Health Care Expenditures Contribute to Increase in Federal Spending
The federal government currently is spending 20.8 cents of every dollar the economy produces, an increase from 18.5 cents per dollar in 2001 that is partly attributable to higher spending on Medicare, Medicaid and veterans health care, USA Today reports.
The increase marks the fastest growth in federal spending under one administration since Franklin Roosevelt was president from 1933 to 1945. The House this week is set to debate a $2.8 trillion budget for 2007, which projects an additional $3 trillion in debt in the next five years. USA Today examines some of the contributors to the growth in spending.
Medicare spending has increased because of this year's implementation of the prescription drug benefit, which is estimated to cost an average of $80 billion per year for the next 10 years and add about 20% to Medicare's annual costs (Wolf , USA Today, 4/3).
Spending on health care for veterans has increased due to the addition of hospitals, clinics and nursing homes to the system. VA spending also has increased because veterans from the Iraq and Afghanistan wars who came from the National Guard and Reserves are eligible for two years of health care services. In addition, larger numbers of veterans from previous conflicts have signed up for disability and pensions.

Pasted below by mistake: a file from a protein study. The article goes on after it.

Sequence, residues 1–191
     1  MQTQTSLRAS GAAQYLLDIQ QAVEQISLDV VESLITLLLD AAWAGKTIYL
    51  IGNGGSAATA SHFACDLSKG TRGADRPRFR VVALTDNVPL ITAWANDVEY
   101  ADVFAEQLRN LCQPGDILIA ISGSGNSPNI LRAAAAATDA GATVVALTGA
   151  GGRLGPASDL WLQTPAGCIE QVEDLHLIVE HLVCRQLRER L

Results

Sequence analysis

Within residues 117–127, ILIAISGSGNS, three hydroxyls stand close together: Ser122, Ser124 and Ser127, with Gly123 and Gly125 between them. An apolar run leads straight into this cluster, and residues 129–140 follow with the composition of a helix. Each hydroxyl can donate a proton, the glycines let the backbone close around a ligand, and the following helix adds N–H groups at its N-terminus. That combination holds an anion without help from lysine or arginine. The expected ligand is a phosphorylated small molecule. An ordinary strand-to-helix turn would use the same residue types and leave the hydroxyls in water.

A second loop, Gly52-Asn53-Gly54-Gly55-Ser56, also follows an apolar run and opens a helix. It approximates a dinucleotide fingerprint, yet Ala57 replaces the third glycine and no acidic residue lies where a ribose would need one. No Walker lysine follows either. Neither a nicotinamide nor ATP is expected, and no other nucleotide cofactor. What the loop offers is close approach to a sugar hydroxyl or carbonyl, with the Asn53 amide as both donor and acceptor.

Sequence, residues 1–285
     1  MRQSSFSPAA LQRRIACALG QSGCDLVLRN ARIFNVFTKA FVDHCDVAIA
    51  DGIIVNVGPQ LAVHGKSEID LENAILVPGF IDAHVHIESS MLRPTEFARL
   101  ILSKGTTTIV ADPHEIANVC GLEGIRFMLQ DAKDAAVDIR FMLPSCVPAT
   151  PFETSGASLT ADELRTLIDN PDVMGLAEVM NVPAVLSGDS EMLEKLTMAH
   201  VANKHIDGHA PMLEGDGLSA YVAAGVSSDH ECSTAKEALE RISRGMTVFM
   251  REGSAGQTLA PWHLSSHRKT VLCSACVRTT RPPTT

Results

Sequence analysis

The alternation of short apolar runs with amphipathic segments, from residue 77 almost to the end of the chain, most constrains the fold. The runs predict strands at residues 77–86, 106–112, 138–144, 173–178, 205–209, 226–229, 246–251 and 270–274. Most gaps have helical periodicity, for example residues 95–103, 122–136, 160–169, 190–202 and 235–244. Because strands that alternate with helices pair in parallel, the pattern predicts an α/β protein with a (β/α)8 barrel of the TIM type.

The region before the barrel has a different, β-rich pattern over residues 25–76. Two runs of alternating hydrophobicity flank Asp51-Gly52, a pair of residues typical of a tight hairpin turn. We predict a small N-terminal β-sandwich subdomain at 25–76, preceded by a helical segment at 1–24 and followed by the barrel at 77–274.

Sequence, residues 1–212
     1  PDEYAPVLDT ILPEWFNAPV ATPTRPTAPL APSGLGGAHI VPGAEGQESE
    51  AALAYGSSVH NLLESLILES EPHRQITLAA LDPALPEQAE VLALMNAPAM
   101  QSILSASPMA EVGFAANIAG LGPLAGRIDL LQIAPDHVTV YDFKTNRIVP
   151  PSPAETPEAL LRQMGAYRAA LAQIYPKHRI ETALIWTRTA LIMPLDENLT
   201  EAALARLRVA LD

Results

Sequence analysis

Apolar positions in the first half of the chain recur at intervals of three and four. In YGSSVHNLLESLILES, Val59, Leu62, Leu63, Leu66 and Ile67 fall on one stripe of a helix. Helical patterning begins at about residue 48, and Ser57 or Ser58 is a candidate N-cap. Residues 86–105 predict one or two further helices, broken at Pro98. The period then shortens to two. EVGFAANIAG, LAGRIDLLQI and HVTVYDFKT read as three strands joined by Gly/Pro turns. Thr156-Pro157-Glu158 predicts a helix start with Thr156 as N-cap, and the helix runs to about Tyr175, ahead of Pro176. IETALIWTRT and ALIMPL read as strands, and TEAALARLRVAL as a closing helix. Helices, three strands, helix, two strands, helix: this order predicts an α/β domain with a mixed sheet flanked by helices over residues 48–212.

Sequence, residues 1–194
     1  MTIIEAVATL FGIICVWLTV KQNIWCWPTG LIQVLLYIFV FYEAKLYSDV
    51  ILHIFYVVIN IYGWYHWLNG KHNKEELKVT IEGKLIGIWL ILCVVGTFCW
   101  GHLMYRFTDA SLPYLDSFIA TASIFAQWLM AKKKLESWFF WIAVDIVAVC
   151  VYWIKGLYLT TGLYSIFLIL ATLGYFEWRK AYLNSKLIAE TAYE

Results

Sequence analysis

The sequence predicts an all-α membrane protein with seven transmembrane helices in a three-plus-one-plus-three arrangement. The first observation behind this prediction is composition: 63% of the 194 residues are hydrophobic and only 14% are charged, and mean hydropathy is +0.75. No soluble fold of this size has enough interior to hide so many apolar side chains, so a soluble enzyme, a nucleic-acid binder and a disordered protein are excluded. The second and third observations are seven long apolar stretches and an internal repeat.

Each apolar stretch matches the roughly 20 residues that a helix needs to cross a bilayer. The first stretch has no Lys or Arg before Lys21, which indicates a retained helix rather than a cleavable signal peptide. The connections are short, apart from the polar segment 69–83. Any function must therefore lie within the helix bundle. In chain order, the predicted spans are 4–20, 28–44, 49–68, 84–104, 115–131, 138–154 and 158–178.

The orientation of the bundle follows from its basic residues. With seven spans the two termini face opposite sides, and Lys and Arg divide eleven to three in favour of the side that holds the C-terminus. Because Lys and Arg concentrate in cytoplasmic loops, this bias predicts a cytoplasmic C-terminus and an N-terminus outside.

Meanwhile, Medicaid spending has increased 49% over the past five years. This year, Congress cut $39 billion from benefits programs over five years (Wolf , USA Today, 4/3).
However, there are "no signs that the trend" of higher spending "is about to turn around," according to USA Today. Douglas Holtz-Eakin, former director of the Congressional Budget Office, said, "Budgeting is about making choices, and this period is one that shows a complete absence of that." The Bush administration says it has led efforts to cut Social Security, Medicare and Medicaid (Wolf , USA Today, 4/3).